Every Christmas Eve, we would lie under the Christmas tree, listening intently to my father. He would get down next to us and gaze up at the lights on the tree, capped off by the bright star at the top.
That is when the magic happened. He would start telling us stories, Christmas stories. One of his favorites was O. Henry’s The gift of the Magi. The true meaning of Christmas couldn’t have been outlined any better. As he lay there with us, quietly recounting the love this struggling young couple had for one another, all five of us were silent. We could feel the spirit of Christmas as he continued telling us that each had sacrificed their favorite possession for the other, the young bride, her hair, and he, his priceless pocket watch, in order to buy the other’s gift. My father would recount that on Christmas morning, he saw that she had sold her hair to buy him a chain for his watch, and he had sold his watch to buy a beautiful comb for her hair. There they sat, each having a seemingly useless gift. I can still remember clearly him emphasizing, even if not verbally, that they had given the most precious gift that can be given, and that gift was love.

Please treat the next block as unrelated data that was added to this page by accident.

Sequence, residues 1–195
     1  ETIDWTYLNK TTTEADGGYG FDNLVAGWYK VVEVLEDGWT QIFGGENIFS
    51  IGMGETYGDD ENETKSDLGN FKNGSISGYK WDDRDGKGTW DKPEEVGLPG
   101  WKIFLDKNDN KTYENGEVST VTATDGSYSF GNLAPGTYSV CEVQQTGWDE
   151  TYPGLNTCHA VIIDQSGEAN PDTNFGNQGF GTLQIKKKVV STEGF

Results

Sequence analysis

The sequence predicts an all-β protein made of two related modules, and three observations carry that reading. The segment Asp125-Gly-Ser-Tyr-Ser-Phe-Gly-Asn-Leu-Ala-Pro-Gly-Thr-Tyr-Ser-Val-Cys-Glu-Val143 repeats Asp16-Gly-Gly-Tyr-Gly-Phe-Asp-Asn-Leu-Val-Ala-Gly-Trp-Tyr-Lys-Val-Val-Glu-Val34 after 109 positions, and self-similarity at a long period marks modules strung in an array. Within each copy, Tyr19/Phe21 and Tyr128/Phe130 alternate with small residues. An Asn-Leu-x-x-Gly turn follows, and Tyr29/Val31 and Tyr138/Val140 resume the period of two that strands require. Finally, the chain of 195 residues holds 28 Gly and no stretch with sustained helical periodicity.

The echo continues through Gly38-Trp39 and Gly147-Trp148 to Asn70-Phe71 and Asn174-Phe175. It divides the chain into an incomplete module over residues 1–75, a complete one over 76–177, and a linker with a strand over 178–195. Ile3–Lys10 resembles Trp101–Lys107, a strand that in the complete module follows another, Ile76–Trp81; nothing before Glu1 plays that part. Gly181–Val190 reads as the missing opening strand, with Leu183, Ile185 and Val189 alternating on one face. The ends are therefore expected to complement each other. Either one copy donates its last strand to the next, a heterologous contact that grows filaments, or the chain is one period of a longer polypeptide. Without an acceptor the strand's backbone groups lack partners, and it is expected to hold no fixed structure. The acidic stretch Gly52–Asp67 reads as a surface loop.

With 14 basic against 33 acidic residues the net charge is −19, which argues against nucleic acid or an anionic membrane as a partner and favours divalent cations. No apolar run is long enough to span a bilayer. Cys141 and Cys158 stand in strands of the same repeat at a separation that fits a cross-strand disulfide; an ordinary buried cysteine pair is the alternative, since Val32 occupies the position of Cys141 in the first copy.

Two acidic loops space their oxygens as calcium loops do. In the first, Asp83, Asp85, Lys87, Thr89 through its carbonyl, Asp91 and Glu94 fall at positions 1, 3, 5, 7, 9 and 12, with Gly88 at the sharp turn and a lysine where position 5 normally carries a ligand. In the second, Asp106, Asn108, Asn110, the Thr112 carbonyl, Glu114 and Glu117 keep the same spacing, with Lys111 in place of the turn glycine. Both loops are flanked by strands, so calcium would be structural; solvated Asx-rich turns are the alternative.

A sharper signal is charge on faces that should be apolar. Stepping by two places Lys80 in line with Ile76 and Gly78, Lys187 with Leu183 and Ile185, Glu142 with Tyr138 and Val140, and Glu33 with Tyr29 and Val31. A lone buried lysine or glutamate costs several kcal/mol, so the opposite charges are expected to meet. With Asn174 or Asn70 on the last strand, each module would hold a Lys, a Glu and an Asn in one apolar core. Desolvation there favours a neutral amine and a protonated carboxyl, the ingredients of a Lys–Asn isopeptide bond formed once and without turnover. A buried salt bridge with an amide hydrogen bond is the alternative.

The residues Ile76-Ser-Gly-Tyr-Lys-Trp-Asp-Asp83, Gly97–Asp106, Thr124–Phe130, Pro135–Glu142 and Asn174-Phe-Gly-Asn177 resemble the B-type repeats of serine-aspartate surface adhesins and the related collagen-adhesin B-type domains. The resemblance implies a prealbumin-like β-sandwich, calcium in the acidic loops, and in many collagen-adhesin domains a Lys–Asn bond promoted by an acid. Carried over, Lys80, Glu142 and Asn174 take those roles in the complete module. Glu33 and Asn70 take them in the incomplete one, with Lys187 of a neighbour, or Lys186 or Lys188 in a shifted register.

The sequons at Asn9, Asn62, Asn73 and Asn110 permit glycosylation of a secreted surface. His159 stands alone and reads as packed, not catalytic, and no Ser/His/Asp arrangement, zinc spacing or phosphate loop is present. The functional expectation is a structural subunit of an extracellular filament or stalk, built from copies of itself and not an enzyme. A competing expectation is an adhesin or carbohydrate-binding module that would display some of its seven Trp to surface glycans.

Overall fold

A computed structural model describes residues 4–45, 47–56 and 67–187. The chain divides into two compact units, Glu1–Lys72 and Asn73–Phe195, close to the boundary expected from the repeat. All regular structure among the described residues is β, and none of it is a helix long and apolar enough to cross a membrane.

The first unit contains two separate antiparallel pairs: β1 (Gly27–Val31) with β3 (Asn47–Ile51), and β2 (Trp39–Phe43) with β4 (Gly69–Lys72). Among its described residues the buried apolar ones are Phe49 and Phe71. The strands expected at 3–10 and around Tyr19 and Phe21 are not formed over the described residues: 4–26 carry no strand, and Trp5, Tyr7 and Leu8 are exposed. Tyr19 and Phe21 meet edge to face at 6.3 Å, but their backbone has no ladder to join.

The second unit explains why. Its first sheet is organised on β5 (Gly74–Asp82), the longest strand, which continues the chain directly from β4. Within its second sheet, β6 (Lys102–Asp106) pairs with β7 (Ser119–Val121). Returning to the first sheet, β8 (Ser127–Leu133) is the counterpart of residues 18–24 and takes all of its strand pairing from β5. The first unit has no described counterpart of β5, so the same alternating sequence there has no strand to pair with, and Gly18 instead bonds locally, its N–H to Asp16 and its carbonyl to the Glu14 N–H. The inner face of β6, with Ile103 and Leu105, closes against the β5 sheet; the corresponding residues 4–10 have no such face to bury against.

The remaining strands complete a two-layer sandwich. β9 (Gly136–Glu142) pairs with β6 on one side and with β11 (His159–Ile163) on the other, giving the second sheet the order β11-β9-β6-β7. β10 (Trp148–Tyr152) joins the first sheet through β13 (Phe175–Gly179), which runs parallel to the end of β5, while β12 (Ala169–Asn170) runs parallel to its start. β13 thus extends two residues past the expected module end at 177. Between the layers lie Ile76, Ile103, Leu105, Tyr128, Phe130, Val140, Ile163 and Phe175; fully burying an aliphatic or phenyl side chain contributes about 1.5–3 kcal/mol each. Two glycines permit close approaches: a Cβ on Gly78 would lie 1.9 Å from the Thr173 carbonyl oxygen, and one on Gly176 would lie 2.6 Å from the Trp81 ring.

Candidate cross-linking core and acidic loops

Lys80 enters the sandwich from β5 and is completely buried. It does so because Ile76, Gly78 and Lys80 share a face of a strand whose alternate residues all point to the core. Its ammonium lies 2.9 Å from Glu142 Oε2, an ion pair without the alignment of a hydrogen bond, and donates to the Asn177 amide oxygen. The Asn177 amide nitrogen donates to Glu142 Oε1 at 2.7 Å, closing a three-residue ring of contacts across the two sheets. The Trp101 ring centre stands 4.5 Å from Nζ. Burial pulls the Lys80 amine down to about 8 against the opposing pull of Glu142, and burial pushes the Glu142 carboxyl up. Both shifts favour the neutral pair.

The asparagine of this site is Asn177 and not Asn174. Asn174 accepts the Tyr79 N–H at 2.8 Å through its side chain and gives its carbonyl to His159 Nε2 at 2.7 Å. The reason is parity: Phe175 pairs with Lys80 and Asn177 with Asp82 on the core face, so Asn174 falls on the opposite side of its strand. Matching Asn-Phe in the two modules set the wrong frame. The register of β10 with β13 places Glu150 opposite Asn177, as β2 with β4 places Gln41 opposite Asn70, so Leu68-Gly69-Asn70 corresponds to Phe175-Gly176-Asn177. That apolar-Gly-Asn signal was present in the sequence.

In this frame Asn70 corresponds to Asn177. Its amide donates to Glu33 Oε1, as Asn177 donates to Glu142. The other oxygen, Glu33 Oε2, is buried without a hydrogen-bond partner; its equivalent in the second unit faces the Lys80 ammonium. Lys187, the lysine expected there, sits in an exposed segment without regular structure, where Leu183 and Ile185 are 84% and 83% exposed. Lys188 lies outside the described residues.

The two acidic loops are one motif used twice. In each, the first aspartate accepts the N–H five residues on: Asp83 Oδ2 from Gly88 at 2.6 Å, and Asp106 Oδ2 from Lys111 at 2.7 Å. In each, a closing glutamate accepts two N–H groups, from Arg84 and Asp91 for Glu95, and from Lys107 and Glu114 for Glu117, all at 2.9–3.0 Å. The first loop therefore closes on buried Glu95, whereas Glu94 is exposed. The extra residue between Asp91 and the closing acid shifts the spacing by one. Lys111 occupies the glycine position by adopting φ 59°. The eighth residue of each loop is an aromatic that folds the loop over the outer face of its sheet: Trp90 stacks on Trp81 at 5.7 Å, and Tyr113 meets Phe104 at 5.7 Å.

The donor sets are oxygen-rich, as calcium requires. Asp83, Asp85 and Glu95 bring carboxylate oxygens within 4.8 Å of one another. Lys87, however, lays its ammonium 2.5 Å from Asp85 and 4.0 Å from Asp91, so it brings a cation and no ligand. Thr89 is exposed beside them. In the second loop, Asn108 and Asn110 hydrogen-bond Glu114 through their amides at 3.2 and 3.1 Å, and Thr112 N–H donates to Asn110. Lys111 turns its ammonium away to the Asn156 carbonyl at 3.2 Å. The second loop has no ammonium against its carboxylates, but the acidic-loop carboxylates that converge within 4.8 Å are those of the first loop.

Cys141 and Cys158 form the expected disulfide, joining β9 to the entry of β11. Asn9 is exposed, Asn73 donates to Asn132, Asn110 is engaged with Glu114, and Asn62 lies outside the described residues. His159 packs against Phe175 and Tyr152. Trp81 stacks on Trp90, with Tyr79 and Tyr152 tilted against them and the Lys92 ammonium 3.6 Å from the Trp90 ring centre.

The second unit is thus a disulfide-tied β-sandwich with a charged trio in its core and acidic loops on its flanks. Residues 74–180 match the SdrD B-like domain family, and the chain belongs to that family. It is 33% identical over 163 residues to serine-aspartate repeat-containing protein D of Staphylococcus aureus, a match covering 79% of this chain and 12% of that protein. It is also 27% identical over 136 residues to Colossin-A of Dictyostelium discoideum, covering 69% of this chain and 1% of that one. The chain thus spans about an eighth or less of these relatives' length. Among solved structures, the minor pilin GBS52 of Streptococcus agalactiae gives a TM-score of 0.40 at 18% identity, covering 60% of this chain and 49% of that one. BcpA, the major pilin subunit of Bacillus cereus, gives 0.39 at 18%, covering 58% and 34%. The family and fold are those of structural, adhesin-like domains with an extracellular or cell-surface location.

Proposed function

I have often reflected on those times under the Christmas tree and the lessons that were taught. There we were, five young children, quiet as could be, and each of us understood and felt what Christmas was all about. And that was love.
Today’s post is contributed by Seeing the Everyday magazine. For more information, go toseeingtheeveryday.com